This 5 day intensive workshop serves as a research and design laboratory for students from across Emily Carr to work on a single theme. The workshop explores design as a medium through which we can instigate critical discussion and debate while encouraging more active forms of intervention and agency.
Students explore strategies and practices of critical design turning cultural observation and analysis into design projects with instantiated outcomes. By revealing and disrupting the invisible set narratives, beliefs and ideologies within contemporary culture, students learn to assess and identify social patterns and changes and to communicate those patterns using imaginative design methods.
This course provides students with the opportunity to propose and develop a self-directed body of work. Sections are offered in a team-taught model with an interdisciplinary focus. Through artistic production, research, discussions, writing and critique, students are expected to increase their understanding of the content and context of their process and production as well as their knowledge of contemporary art. Students meet regularly for group meetings as well as in one-to-one tutorials with their instructor(s). Critiques and discussions complement studio production where considerable independent time and maturity is expected.
Priority is given to CRCP, ILUS, PHOT, and VIAR students in Year 4. Students outside of the registration priority group may register/waitlist for this course as of the registration rule release date.
This course provides a thematic focus on a scientific subject and its relationship to cross disciplinary applications. Topics may include anatomy and biology among other branches of study. In addition toan examination of how scientific methods are understood and applied, students will also learn different conceptual approaches to understanding scientific thinking and process. (This course will fulfill the science requirement for students going on to a diploma in education.)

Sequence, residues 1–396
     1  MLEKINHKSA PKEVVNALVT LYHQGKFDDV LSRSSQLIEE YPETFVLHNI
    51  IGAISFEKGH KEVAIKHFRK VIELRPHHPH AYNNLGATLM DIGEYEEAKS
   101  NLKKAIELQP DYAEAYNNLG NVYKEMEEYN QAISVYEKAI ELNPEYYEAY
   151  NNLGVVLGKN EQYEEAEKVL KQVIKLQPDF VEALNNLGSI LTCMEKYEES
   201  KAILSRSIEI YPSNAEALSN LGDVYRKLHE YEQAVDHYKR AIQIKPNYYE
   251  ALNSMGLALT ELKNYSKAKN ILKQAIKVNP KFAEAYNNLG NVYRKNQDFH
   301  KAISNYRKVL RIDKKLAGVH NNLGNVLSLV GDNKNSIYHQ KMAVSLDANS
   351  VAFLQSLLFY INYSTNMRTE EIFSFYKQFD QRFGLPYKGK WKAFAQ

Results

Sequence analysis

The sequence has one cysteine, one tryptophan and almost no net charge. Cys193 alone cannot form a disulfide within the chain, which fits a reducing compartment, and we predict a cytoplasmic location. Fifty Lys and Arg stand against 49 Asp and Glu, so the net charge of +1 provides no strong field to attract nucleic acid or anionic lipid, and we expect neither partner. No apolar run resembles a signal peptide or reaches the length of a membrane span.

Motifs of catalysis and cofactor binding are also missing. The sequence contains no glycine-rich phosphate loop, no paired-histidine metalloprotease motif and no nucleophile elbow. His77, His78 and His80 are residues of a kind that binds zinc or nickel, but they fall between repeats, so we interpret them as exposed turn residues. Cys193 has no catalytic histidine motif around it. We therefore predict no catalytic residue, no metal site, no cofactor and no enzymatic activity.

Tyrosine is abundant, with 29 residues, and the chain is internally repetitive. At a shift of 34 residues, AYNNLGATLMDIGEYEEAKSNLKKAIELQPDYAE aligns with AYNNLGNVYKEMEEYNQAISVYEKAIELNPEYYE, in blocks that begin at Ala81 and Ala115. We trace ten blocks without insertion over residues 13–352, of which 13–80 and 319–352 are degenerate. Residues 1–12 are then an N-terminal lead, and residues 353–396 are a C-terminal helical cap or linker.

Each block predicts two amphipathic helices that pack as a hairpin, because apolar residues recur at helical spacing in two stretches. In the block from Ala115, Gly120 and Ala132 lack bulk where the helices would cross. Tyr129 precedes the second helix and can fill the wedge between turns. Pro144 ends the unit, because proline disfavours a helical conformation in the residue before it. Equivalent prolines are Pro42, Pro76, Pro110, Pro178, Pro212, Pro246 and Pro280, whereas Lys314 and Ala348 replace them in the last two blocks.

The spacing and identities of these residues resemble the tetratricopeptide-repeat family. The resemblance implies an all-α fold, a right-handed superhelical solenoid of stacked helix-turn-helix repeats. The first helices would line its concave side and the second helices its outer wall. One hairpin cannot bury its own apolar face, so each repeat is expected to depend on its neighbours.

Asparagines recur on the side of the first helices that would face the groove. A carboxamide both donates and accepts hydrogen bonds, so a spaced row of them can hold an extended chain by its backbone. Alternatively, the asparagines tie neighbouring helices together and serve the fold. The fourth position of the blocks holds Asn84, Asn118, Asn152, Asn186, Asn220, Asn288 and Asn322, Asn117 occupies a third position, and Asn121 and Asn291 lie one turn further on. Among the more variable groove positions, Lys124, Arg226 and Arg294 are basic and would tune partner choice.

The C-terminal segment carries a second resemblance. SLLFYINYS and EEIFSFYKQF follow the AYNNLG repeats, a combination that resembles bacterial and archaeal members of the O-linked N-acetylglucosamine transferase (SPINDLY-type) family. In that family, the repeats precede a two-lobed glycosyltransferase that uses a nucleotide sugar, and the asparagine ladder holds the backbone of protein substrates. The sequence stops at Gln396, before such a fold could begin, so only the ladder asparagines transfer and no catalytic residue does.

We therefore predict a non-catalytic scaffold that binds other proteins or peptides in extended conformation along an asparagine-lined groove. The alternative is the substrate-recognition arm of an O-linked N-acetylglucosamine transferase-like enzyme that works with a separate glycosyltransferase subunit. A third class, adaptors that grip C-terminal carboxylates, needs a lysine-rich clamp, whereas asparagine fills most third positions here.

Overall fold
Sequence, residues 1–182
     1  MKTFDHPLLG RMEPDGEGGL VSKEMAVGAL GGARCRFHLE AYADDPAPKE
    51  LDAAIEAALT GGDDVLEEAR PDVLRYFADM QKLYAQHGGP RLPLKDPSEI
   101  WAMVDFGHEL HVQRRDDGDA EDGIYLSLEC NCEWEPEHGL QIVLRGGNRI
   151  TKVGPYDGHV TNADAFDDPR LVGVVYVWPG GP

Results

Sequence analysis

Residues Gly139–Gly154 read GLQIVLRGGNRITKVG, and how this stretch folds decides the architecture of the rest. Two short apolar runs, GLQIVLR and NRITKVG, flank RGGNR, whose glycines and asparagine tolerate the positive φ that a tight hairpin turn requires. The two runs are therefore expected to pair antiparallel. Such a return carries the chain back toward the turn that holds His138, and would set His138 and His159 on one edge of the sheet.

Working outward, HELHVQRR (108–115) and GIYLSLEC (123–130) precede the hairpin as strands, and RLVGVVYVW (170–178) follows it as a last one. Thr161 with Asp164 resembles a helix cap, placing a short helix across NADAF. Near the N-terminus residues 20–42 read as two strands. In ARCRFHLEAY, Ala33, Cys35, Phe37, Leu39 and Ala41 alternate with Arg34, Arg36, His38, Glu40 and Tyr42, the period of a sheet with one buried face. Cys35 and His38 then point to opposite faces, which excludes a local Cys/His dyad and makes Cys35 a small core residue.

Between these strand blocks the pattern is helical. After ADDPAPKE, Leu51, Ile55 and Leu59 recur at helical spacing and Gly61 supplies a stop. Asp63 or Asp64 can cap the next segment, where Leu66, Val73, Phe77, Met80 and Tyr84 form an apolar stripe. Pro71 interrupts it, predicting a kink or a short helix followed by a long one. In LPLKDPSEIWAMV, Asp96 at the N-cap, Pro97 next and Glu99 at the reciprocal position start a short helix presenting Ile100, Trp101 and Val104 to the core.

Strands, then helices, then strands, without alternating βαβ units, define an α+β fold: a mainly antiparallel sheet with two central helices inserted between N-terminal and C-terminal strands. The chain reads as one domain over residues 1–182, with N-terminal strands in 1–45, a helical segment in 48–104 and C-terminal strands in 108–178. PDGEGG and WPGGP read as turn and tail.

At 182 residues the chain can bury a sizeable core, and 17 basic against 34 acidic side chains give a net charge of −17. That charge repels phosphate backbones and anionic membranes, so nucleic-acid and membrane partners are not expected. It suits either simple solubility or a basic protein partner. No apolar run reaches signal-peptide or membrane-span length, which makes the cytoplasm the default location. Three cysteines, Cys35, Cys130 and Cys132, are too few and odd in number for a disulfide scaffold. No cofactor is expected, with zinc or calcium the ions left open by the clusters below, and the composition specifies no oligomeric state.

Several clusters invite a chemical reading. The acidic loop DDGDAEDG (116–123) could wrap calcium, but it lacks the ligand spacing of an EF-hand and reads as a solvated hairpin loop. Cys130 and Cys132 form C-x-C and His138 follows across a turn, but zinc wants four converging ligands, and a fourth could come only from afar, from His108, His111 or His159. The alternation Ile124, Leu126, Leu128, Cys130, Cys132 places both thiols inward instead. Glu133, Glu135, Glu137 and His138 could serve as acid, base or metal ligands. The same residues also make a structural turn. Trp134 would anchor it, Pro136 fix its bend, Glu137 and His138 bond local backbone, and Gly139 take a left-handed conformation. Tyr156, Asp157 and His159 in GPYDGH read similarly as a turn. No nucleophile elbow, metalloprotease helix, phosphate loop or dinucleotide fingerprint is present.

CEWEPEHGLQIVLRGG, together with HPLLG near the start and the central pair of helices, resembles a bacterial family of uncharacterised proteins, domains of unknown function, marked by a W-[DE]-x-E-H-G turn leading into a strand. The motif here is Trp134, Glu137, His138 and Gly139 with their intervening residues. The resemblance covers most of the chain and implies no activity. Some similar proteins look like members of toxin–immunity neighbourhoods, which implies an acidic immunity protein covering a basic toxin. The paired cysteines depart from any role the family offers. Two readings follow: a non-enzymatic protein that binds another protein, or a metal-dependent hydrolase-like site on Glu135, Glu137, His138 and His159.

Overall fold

We'll explore topics related to health and the things that affect it. Looking closely at what’s occurring within aspects of the human biological system, the course invites students to explore health, illness and imbalance as well as approaches to health care treatment as these relate to our other work in art and design. Delving into medical material and shaping thoughtful questions for science, students control the direction of their research and notice how our ways of thinking about the body connect to what we know--our maps, our imaging, our analogies. We look at the many ways the body learns in health and in ill health: the conditions and drugs that affect how nerves function; conditions of the brain; the effects of procrastination, play and practice; the ways cancer can manifest in tissues; what science has learned about sexual function and dysfunction; how we manage cancer research and bring attention to it in art works; the anatomy and physiology of the heart's systems of muscle, conduction and circulation; how viruses (like AIDS or H3N2) cause the immune system to act against the human host. These special topics invite interest in these and other avenues of research for the student.
- Teacher: Jane Slemon
- Teacher: Aaron Peck
- Teacher: Aaron Peck
SOCS-201-S090-2019 Intro to Cultural Theory
- Teacher: Magnolia Pauker
What is ‘a body’? This course will explore the differing conceptions and manifestations of a ‘body’, not only human, animal and importantly, non-human beings, but also, to interrogate other expressions of ‘body’ such as ‘something that ‘embodies or gives concrete reality to a thing’ or as ‘a sensible object in physical space’ or as the ‘denseness, fullness, or firmness of texture’ or the ‘fullness and richness of flavor’ etc. Students will be asked to engage in online discussion forums, group chats and crits in response to presentations, set readings, films etc., in addition to producing written work and a report on how the concept and aesthetics of ‘the body’ informs their own art practice.
- Teacher: Daphne Plessner